FacebookTwitterRedditEmail

Ogaden: Ethiopia’s Hidden Shame

shutterstock_348047504

Ethiopia is regularly cited as an African success story by donor nations; the economy is growing they cry, more children are attending school and health care is improving. Well GDP figures and millennium development statistics reveal only a tiny fraction of the corrupt and violent picture.

What development there is depends, the Oakland Institute relates, on “state force and the denial of human and civil rights”; the country remains 173rd out of 187 countries in the UN Human Development Index and around 40% of the population live below the extremely low poverty line of $1.25 a day, – the World Bank worldwide poverty line is $2 a day.

The ruling party, the EPRDF, uses violence and fear to suppress the people and governs in a highly centralised manner. Human rights are ignored and a methodology of murder, false imprisonment, torture and rape is followed.

The ethnic Somali population of the Ogaden, in the southeast part of the country, has been the victim of extreme government brutality since 1992. It’s a familiar story of a region with a strong identity seeking autonomy from central government, and the regime denying them that democratic right.

In 2013 and again in 2014 I visited Dadaab refugee camp in Kenya and met a number of people who had fled state persecution in the Ogaden. Men and women told of false imprisonment, murder and torture. All the women I spoke with relayed accounts of multiple rape, and sexual abuse; defected military men confessed to carrying out such appalling crimes.

We filmed the meetings and put together a short documentary, Ogaden: Ethiopia’s Hidden Shame. Most people have never heard of the region and know nothing of what is happening there.

The purpose of the film is to raise awareness, of what human rights groups describe as a genocidal campaign, and to put pressure on the primary donors – America, Britain and the European Union. Countries that collectively give around half of Ethiopia’s federal budget in various aid packages, and whose neglect and indifference amounts to complicity.

The film records the distressing stories of three extraordinary young women, Anab, Maryama and Fatuma.

More articles by:

Graham Peebles is a British freelance writer and charity worker. He set up The Create Trust in 2005 and has run education projects in Sri Lanka, Ethiopia and India.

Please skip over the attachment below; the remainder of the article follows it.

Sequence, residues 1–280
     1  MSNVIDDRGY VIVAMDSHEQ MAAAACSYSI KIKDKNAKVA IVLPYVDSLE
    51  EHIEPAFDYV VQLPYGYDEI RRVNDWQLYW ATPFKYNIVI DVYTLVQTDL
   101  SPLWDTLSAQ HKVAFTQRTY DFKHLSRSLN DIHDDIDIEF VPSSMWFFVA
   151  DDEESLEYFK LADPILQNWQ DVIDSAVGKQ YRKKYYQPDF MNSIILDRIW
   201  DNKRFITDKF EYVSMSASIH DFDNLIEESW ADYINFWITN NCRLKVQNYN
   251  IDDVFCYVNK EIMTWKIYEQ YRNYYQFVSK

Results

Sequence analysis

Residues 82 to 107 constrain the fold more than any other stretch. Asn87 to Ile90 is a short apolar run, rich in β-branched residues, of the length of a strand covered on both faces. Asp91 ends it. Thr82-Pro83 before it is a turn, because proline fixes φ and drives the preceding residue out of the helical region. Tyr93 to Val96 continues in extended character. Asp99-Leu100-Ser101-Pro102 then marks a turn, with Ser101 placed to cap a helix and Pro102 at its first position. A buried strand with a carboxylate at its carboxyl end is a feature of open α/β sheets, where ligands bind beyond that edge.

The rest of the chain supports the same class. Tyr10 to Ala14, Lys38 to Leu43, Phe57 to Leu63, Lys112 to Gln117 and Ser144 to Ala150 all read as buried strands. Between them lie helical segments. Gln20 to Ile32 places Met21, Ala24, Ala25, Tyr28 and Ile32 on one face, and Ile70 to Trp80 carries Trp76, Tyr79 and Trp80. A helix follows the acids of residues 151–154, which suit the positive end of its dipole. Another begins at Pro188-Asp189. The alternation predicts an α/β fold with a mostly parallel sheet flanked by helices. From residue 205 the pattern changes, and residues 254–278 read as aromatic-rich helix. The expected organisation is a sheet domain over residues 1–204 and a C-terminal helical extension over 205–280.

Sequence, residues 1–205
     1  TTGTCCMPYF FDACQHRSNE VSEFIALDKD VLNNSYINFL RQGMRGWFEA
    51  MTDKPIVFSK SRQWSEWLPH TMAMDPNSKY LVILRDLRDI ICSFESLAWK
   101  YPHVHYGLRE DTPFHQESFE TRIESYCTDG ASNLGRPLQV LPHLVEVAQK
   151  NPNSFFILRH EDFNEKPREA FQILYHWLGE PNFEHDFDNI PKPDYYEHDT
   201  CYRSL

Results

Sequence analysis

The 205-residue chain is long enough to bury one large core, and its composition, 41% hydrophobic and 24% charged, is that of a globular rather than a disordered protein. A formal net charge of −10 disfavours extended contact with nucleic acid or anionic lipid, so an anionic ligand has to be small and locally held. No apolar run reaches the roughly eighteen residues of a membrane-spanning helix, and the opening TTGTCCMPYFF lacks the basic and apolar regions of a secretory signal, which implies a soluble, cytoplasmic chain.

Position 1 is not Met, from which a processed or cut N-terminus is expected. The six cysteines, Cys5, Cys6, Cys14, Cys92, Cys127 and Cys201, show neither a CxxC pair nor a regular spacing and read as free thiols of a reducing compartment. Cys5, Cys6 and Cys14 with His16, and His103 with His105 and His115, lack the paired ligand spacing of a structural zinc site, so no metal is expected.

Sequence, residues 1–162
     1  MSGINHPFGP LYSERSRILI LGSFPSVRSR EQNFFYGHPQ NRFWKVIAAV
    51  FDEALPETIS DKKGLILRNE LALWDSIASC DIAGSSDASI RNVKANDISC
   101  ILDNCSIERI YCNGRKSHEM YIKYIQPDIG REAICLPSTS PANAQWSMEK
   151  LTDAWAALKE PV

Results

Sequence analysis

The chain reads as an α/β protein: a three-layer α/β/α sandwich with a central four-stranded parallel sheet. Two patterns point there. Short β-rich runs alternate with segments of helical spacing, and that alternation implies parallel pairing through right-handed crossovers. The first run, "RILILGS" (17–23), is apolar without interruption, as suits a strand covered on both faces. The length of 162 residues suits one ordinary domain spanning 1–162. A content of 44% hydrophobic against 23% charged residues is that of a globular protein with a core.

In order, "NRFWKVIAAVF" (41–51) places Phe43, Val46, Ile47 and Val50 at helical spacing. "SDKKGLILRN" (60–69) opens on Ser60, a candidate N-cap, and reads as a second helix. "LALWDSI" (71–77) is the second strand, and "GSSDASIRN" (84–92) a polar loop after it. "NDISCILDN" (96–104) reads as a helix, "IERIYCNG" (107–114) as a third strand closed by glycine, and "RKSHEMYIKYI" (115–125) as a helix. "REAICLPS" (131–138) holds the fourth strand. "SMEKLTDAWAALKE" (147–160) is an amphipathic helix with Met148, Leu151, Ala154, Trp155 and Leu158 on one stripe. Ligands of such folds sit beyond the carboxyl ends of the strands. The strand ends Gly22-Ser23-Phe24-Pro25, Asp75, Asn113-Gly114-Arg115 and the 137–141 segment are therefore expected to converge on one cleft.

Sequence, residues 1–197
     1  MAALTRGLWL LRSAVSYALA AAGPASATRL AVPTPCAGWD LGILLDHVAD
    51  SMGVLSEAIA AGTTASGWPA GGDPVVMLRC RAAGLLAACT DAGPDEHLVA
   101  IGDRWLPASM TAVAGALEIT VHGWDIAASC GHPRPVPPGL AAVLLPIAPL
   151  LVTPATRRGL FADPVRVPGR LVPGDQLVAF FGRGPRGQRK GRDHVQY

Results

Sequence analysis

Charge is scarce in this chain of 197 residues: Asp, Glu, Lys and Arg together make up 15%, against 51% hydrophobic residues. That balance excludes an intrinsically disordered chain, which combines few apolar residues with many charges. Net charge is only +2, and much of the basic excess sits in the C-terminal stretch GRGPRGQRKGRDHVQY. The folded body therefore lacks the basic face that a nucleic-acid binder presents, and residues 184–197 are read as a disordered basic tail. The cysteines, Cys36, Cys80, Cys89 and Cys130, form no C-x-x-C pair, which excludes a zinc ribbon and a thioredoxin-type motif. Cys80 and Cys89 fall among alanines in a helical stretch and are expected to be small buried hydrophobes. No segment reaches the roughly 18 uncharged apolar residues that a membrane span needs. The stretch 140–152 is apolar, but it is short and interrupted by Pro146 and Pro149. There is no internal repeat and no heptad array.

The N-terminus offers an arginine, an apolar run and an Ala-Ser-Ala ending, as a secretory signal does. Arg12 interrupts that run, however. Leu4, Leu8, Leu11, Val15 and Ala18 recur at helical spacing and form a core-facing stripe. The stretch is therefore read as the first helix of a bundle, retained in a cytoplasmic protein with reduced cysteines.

Weekend Edition
August 07, 2020
Friday - Sunday
John Davis
The COVID Interregnum
Louis Yako
20 Postcard Notes From Iraq: With Love in the Age of COVID-19
Patrick Cockburn
War and Pandemic Journalism: the Truth Can Disappear Fast
Eve Ottenberg
Fixing the COVID Numbers
Jeffrey St. Clair
Roaming Charges: Every Which Way to Lose
Paul Street
Trump is Not Conceding: This is Happening Here
Robert Hunziker
The World on Fire
Rob Urie
Neoliberal Centrists and the American Left
John Laforge
USAF Vet Could Face ‘20 Days for 20 Bombs’ for Protest Against US H-Bombs Stationed in Germany
Andrew Levine
Clyburn’s Complaint
Kavaljit Singh
Revisiting the Idea of Pigou Wealth Tax in the Time of Covid-19
Paul Ryder
Here Come the 1968 Mistakes Again
T.J. Coles
Fighting Over Kashmir Could Blow Up the Planet
David Macaray
Haven’t We All Known Guys Who Were Exactly like Donald Trump?
Conn Hallinan
What’s Driving the Simmering Conflict Between India and China
Joseph Natoli
American Failures: August, 2020
Ramzy Baroud
Apartheid or One State: Has Jordan Broken a Political Taboo?
Bruce Hobson
The US Left Needs Humility to Understand Mexican Politics
David Rosen
Easy Targets: Trump’s Attacks on Transgendered People
Ben Debney
The Neoliberal Virus
Evelyn Leopold
Is Netanyahu Serious About Annexing Jordan Valley?
Nicky Reid
When the Chickens Came Home to Roost In Portlandistan
Irma A. Velásquez Nimatuj
The Power of the White Man and His Symbols is Being De-Mystified
Kathy Kelly
Reversal: Boeing’s Flow of Blood
Brian Kelly
Ireland and Slavery: Framing Irish Complicity in the Slave Trade
Ariela Ruiz Caro
South American Nations Adopt Different COVID-19 Stategies, With Different Results
Ron Jacobs
Exorcism at Boston’s Old West Church, All Hallows Eve 1971
J.P. Linstroth
Bolsonaro’s Continuous Follies
Thomas Klikauer – Nadine Campbell
Right-Wing Populism and the End of Democracy
Dean Baker
Trump’s Real Record on Unemployment in Two Graphs
Michael Welton
Listening, Conflict and Citizenship
Nick Pemberton
Donald Trump Is The Only One Who Should Be Going To School This Fall
John Feffer
America’s Multiple Infections
Kollibri terre Sonnenblume
Thinking Outside the Social Media Echo Chamber
Andrea Mazzarino
The Military is Sick
John Kendall Hawkins
How the Middle Half Lives
Graham Peebles
The Plight of Refugees and Migrant Workers under Covid
Robert P. Alvarez
The Next Coronavirus Bill Must Protect the 2020 Election
Greg Macdougall
Ottawa Bluesfest at Zibi: Development at Sacred Site Poses Questions of Responsibility
CounterPunch News Service
Tensions Escalate as Logging Work Commences Near Active Treesits in a Redwood Rainforest
Louis Proyect
The Low Magic of Charles Bukowski
Gloria Oladipo
Rural America Deserves a Real COVID-19 Response
Binoy Kampmark
Crossing the Creepy Line: Google, Deception and the ACCC
Marc Norton
Giants and Warriors Give Their Workers the Boot
David Yearsley
Celebration of Change
FacebookTwitterRedditEmail